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Secretary of Education answers school masking questions from Sen. Braun

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FORT WAYNE, Ind. (Fort Wayne's NBC) -- The types of protests and threats emerging from school board meetings over masking policies, like we've seen in districts across northeast Indiana, are happening all across the country.

It's prompted the National School Boards Association to ask for federal help to investigate and stop those threats.

In a committee meeting on Capitol Hill Thursday, Indiana Republican Senator Mike Braun questioned the Secretary of Education about the issue.

"I know that some of those meetings are a little rowdy. In this case I think the discussion was on mask mandates," Braun said.

"Rowdy and dangerous in some places," Secretary of Education Miguel Cardona replied.

Sen. Braun questioned the Secretary of Education about disruptive parents at school board meetings regarding masking policies.

Senator Braun served on a school board for 10 years and knows how some contentious topics can rile parents at board meetings.

The Senate Health, Education, and Labor and Pensions Committee heard testimony from the Education Secretary about how the Senate can help schools as they work to safely reopen for in-person learning.

Across the country during the past 18 months of the coronavirus pandemic, every student's learning was disrupted in some way.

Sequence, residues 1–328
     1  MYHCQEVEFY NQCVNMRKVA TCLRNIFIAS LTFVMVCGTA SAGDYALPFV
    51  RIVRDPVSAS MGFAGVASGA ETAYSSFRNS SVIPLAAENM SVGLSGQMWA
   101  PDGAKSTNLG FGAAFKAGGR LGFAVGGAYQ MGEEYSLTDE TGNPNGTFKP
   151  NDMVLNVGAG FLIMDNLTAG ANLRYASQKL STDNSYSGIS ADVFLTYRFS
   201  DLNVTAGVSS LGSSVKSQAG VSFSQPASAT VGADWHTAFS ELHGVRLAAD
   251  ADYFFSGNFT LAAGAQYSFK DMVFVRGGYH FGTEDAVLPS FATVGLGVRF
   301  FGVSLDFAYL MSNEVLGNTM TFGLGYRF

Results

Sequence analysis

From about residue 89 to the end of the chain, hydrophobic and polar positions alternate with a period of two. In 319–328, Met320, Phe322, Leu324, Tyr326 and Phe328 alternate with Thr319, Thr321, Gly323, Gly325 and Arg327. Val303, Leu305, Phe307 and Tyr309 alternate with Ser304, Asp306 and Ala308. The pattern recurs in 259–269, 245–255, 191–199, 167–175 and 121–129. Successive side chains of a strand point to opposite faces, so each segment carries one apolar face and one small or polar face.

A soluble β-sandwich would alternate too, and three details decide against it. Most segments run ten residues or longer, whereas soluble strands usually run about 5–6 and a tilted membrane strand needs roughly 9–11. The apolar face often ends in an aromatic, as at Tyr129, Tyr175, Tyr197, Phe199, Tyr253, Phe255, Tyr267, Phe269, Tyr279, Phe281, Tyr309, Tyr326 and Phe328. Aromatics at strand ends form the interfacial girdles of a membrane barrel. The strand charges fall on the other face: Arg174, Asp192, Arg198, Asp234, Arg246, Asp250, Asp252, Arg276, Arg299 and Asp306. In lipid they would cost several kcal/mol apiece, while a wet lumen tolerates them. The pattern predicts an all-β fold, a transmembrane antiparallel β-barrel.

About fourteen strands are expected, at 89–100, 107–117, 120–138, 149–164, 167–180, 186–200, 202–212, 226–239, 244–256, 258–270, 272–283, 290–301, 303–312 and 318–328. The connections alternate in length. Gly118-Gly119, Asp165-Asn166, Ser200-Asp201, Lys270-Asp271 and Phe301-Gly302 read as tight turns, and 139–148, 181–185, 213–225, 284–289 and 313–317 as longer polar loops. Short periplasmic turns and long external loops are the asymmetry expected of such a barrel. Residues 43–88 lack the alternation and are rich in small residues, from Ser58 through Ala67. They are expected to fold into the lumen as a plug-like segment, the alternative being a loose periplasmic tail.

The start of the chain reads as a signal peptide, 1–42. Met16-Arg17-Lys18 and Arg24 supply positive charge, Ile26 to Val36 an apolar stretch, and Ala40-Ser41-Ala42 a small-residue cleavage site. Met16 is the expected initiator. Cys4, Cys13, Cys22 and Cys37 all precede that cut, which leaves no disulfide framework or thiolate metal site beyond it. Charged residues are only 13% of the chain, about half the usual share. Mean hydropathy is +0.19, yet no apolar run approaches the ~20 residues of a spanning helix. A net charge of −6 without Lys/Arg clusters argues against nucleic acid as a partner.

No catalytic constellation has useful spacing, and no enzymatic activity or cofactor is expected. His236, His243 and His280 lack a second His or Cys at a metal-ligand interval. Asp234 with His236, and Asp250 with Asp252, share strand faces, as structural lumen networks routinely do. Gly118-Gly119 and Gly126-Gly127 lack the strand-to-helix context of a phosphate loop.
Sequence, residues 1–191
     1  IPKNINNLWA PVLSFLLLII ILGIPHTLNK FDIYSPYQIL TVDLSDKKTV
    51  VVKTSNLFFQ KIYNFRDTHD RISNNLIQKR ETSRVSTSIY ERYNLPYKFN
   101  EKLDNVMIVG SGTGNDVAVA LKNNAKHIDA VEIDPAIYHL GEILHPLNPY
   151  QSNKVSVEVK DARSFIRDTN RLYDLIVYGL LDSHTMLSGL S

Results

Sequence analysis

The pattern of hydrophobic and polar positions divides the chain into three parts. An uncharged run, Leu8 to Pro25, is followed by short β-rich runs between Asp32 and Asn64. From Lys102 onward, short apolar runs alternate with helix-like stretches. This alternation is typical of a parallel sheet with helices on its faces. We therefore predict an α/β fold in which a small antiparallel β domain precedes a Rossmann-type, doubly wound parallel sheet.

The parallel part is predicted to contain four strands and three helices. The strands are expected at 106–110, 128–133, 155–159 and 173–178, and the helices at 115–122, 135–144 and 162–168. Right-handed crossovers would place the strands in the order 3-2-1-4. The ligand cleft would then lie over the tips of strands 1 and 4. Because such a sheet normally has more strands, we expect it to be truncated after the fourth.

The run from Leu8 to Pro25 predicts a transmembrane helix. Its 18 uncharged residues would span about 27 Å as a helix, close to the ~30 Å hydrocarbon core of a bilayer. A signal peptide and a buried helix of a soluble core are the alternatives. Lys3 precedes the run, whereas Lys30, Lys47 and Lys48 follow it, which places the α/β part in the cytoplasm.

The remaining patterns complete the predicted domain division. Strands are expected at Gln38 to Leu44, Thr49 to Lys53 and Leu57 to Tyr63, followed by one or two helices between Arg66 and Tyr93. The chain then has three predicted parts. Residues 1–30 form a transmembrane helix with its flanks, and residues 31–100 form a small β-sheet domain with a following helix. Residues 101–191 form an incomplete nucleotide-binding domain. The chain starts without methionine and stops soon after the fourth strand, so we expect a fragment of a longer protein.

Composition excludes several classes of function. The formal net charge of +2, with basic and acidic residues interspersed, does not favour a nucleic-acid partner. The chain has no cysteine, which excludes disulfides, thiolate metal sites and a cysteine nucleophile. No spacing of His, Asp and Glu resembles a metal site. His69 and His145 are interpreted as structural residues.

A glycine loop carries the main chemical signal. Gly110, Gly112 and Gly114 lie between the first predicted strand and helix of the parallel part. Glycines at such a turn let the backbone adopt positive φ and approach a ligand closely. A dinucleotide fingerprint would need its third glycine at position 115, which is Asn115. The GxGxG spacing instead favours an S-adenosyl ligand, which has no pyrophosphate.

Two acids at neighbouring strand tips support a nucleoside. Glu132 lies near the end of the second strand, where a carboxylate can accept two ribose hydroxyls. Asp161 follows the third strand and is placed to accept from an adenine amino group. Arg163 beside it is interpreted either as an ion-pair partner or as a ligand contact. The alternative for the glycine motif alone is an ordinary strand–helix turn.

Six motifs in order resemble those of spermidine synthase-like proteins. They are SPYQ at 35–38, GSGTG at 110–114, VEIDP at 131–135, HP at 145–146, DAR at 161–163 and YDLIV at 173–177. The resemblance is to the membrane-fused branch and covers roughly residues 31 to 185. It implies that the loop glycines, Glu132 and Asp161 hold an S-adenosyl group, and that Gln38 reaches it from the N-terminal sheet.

And now some parents are disrupting school board meetings over masking policies that would get kids back in the classroom as they have in the Northwest Allen County School district.

So much so that the board decided to eliminate public comments for a while until people could behave civily.

Braun questioned Cardona about it.

"I know that across the country our school board meetings are a little bit more intense, but I'll tell you, school boards are unwavering in their support for returning students to school and providing a safe learning environment… Senator, I'll tell you, the lack of civility in some of our meetings is disappointing, and frustrating, particularly because they are educators and board members -- you were a board member -- they've worked tirelessly over the last 18 months to provide a safe environment," Cardona said.

Thursday, the National School Boards Association sent a letter to the Biden administration asking for coordination at the federal level -- including the FBI and Department of Homeland Security -- of local and state police agencies to investigate and stop online and in-person threats school board members have received, including death threats against them and their family members, as they debate whether to require masks in their district.

The organization insists the move is not about silencing parents, but stopping threats and acts of intimidation.

A National School Boards Association spokesman confirms the organization has already heard back from the White House and Department of Education that they're looking into how that might be accomplished.

Corinne Rose

Corinne Rose is a reporter for WPTA.

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